The city’s Potter’s Field on Hart Island has been the final home to over 1 million people who couldn’t be accommodated with proper burials, instead being laid to rest by prisoners making minuscule pay for their agonizing labor.
Loved ones can hardly visit the public grave due to Hart Island’s lack of accessibility — partially due to security measures in place from the NYC Department of Corrections, which oversees not just inmates but the jurisdiction of the entire island.
On Thursday, the New York City Council voted on two resolutions aimed at improving conditions of the currently dilapidated island by a vote of 45-2.
One was to transfer Hart Island from the DOC into the control of the NYC Parks and Recreation Department, while the other was to expand its public accessibility via ferry service.
One of the only vocal opponents to the plan was Councilman Mark Gjonaj, who voted in opposition.
“Something should have been done a long time ago,” the Hart Island council representative said in regards for the conditions of the Potter’s Field.
Some of Gjonaj’s uneasiness towards the land transfer to Parks comes from the agency admitting that it did not have the proper assets to manage the open cemetery in 2016.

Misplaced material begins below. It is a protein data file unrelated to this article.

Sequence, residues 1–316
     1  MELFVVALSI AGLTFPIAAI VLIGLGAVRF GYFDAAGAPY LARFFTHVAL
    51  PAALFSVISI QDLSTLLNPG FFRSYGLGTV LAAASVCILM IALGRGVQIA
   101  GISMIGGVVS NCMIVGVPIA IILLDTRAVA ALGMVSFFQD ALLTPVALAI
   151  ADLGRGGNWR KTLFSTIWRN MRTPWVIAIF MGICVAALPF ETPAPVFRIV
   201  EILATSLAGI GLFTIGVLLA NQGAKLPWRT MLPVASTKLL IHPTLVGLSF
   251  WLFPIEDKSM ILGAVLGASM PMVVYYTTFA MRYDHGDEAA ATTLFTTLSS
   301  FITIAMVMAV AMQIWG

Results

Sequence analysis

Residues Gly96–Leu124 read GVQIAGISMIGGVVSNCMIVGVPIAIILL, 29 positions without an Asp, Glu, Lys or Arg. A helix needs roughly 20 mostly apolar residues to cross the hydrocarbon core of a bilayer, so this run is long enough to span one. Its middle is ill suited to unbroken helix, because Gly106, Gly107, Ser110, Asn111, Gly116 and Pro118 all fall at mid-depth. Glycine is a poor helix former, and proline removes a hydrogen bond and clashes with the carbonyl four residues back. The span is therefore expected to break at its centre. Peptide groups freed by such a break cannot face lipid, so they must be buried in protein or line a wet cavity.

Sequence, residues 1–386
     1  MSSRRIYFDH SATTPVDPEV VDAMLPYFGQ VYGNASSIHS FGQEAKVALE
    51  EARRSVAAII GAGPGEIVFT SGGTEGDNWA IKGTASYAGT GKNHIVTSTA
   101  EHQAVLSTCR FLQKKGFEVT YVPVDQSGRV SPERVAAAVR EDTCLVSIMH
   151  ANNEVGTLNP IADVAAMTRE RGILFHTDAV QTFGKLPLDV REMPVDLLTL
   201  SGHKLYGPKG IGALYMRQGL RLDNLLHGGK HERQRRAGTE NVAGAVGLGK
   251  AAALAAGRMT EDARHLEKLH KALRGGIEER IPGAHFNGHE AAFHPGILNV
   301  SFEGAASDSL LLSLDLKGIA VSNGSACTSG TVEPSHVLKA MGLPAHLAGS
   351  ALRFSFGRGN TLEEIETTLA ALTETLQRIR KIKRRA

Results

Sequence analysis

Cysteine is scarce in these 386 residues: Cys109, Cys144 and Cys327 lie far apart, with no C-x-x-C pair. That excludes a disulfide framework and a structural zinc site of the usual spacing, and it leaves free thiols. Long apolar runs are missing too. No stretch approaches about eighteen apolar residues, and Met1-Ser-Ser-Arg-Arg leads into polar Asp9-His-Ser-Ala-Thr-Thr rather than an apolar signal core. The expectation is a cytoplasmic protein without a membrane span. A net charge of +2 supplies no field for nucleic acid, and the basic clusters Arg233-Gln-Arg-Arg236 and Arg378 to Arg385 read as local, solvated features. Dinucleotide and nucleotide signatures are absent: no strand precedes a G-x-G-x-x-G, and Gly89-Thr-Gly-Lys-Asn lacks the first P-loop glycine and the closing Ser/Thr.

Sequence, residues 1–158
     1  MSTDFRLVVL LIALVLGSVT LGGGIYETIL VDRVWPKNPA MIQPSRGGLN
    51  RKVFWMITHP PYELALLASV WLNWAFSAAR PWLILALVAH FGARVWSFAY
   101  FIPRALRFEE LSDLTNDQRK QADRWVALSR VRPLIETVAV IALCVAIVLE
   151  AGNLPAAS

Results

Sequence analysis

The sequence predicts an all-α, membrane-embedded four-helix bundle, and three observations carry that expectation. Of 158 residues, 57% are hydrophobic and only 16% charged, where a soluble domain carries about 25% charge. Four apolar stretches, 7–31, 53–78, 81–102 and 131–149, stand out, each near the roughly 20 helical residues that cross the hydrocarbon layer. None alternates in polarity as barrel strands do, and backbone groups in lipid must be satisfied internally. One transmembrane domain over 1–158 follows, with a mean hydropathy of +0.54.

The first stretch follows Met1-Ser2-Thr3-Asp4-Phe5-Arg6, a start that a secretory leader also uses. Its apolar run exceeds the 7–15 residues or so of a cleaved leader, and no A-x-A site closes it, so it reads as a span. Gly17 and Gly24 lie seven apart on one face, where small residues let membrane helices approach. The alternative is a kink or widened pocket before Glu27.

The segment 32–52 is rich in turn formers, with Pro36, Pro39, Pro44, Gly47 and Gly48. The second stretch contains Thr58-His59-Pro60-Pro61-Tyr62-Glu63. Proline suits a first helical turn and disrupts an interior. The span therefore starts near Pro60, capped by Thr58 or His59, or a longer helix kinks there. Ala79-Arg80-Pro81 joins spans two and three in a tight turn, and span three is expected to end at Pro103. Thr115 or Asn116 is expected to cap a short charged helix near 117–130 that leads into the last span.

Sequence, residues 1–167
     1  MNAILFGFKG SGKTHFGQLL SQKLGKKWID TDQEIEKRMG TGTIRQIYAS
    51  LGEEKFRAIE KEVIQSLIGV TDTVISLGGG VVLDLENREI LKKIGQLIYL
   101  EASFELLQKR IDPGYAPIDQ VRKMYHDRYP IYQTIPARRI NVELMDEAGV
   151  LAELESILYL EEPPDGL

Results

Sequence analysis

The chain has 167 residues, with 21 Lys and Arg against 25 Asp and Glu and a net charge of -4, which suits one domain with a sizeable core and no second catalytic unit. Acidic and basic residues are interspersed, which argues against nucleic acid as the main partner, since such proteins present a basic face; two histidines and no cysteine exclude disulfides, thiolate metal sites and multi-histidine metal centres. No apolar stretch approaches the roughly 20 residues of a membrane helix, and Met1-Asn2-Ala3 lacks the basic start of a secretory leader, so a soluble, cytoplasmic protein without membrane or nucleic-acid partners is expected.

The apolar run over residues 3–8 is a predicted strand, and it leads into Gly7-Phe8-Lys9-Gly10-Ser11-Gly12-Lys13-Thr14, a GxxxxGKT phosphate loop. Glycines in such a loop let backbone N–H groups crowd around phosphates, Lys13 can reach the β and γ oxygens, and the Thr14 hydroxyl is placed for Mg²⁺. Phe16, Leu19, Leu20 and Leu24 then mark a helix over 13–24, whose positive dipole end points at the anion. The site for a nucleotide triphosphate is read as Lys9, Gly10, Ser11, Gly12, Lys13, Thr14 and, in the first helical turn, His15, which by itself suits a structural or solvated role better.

“Parks still does not have what the funding to handle Hart Island,” he continued.
City Hall sources also say that Parks was reluctant to take Hart Island from the DOC because of graves’ costly maintenance.
Although Brooklyn Councilman Chiam Deutsch did vote in support of the Hart Island plan at a committee level, he turned over to a ‘no’ after expressing concerns about graves being disturbed in ways that would violate various religious customs.
That, though has been happening to some degree as waves of erosion have washed remains from Hart Island into the Long Island Sound in past years — an issue that is now being addressed by FEMA, which is providing $13.2 million to restore the island’s shoreline.
As far as getting to Hart Island, the city could add a cemetery stop at existing stations around the city, however, that and other proposed methods will undergo stakeholder study over the next year before a final decision is rendered, Transportation Committee Chair Ydanis Rodriguez said. That method would replace a single ferry that departs from Fordham Street in City Island as the sole public transport to the cemetery.
Gjonaj says he wouldn’t oppose the transit side of the plan as long as there’s a concrete safeguard that would insure that City Island is not the only point of access to Potter’s Field. Though, who would be digging the graves if Parks were to take over Hart Island?
It would likely be privatized, according to Melinda Hunt of the Hart Island project, who’s been a partner to the city on the plan.
Now, a full plan of action is all that remains for the future of the public grave.
(Additional reporting by Alejandra O’Connell-Domenech)